Self-Reflection

What happens after you have a fight with your partner, a friend or family member, or a not-so-great interaction at work?

Do you find yourself thinking about it over and over again?

If you’re nodding your head yes, know you are not alone. 

Replaying difficult or painful situations is a very human thing to do and we have all done this at some point in our lives. 

That said, endlessly ruminating about what you should have said or done differently and re-living the negative experiences and emotions can be a real energy drain.  It can also compromise your ability to learn, grow and heal. 

Without the right focus or intention, keeping these kinds of thoughts on repeat in your mind is not productive. Rumination is a stress and negativity amplifier and can lend itself to depression, anxiety, insecurity, and even contribute to memory bias over time. 

In this week’s episode, I’m sharing 3 steps to help you replace rumination with mindful self-reflection so you can learn from your past experiences and stop beating yourself up!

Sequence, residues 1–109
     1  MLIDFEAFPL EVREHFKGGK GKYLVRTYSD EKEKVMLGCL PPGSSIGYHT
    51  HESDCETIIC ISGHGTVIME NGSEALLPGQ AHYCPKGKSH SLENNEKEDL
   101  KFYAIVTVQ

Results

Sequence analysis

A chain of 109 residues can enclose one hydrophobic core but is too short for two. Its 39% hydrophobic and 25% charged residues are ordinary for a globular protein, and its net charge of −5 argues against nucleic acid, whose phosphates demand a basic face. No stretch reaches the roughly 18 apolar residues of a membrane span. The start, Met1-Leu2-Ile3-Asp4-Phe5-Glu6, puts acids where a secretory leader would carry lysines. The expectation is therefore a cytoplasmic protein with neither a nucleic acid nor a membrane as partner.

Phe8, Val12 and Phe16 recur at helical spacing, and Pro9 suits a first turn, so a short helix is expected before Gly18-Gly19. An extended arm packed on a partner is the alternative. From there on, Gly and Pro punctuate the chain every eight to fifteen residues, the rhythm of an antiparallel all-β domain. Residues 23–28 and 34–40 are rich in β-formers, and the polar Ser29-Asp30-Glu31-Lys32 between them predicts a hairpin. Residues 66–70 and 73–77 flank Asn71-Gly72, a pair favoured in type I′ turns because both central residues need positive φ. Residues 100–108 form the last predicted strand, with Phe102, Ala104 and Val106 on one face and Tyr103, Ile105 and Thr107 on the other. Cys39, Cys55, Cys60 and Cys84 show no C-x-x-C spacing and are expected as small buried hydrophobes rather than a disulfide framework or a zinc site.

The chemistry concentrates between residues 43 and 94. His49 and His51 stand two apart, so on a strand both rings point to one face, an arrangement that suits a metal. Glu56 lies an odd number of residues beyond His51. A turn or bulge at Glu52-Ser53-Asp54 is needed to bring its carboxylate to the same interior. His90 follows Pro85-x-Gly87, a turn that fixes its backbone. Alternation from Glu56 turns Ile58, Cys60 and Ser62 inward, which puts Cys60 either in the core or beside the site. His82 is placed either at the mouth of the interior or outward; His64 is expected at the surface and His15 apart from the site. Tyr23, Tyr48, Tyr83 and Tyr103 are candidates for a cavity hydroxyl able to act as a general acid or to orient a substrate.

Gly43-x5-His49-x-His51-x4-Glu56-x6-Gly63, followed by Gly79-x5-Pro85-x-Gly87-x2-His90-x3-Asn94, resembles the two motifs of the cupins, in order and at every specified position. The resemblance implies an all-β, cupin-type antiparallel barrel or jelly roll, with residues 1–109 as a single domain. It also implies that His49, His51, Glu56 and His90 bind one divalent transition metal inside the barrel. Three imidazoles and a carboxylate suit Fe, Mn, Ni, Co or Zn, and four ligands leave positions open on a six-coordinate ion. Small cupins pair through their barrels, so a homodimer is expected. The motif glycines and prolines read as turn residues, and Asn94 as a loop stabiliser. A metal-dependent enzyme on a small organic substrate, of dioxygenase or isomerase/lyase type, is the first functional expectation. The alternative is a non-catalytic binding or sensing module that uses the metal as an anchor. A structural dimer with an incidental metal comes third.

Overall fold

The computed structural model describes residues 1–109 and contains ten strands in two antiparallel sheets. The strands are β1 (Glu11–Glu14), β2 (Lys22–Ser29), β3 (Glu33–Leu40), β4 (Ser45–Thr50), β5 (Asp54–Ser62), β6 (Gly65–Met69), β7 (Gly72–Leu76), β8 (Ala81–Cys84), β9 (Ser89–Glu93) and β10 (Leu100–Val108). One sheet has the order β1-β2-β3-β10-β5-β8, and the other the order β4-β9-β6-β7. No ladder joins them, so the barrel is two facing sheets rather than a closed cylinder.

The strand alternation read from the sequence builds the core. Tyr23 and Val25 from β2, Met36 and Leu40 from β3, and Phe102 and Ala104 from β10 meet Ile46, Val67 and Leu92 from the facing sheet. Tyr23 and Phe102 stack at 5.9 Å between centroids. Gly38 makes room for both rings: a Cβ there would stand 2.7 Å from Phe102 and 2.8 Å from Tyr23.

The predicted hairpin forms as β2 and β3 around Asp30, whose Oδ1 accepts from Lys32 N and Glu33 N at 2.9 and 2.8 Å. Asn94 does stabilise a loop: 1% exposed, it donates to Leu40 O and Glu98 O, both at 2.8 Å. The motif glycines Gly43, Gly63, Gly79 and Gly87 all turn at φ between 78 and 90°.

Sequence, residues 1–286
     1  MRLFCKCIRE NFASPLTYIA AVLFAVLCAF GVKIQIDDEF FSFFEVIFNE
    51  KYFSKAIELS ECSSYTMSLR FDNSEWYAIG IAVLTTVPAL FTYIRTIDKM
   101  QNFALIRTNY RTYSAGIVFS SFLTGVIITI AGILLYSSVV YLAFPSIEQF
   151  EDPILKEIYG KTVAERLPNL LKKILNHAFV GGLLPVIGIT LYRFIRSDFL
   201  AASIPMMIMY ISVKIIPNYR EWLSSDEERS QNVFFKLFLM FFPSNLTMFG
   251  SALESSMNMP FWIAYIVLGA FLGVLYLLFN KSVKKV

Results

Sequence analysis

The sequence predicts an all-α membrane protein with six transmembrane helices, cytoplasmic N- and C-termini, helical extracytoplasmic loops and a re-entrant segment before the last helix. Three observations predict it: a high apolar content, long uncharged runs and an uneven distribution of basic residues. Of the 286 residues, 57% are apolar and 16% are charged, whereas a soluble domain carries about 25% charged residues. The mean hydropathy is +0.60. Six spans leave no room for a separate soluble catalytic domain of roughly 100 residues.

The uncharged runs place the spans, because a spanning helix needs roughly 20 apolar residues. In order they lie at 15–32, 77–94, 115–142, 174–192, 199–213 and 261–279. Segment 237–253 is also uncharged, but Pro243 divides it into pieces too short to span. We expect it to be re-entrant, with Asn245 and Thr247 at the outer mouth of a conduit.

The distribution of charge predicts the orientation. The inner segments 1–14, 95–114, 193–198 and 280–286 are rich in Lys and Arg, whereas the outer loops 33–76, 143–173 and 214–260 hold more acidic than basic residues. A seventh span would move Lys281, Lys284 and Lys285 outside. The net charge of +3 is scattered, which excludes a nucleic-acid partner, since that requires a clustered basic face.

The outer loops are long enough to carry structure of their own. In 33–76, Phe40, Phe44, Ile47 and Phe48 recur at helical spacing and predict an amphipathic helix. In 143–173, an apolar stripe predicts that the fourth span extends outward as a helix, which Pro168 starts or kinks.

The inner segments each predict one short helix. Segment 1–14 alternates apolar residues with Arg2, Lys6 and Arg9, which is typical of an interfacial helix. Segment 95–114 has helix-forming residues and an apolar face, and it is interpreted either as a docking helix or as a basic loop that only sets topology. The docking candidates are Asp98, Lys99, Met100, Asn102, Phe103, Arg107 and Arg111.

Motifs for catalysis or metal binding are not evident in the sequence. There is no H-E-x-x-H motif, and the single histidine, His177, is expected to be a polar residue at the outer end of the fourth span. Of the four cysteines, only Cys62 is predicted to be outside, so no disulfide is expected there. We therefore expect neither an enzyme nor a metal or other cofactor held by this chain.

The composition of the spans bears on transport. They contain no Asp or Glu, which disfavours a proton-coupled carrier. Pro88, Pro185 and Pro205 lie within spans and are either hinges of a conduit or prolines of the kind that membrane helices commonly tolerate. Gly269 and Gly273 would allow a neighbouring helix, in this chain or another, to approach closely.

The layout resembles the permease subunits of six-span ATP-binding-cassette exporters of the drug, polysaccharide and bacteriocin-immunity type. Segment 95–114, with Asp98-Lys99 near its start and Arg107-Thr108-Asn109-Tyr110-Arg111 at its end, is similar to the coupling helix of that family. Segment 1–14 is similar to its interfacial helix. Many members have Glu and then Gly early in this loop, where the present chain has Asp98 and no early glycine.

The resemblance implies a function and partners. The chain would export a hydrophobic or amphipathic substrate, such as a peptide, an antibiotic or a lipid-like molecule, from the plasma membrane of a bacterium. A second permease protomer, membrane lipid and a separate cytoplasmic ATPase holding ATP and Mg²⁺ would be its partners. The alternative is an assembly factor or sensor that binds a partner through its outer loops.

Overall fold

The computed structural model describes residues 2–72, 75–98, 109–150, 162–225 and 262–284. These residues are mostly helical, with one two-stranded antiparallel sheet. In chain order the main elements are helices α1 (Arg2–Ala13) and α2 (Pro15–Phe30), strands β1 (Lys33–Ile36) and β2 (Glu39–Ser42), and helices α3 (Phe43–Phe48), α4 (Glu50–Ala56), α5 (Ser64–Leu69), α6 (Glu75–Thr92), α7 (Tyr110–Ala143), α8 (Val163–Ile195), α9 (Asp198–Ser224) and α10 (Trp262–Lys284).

First, let’s establish the difference between rumination and self-reflection. 

When you have ruminating thoughts, you are stuck in a circular thought pattern about past negative or painful experiences. For example: re-living a breakup conversation repeatedly and feeling all those crappy feelings repeatedly.

Rumination has a compulsive quality. The memories can be intrusive and at times it can feel like your mind won’t stop replaying what happened. It can also be characterized by an obsessive longing to have made different choices and berating yourself for the choices you did make or blaming the other person.

In contrast, emotional or mental self-reflection is reviewing an experience as a non-judgmental observer to seek information and gain self-knowledge and learn something that can empower you to make better choices next time. Self-reflection is purpose-oriented. When you are able to process your experiences with purpose, you gain a deeper understanding of self as well as valuable insight into how you can continue to improve in the future. 

The capacity for self-reflection is one of our superpowers as human beings and is one of the keys to living an awakened, empowered life. Years ago, when I began studying with Deepak Chopra, he talked about becoming an observer of your thoughts without judgment. In his estimation, this kind of self-reflection is the highest level of self-evolution.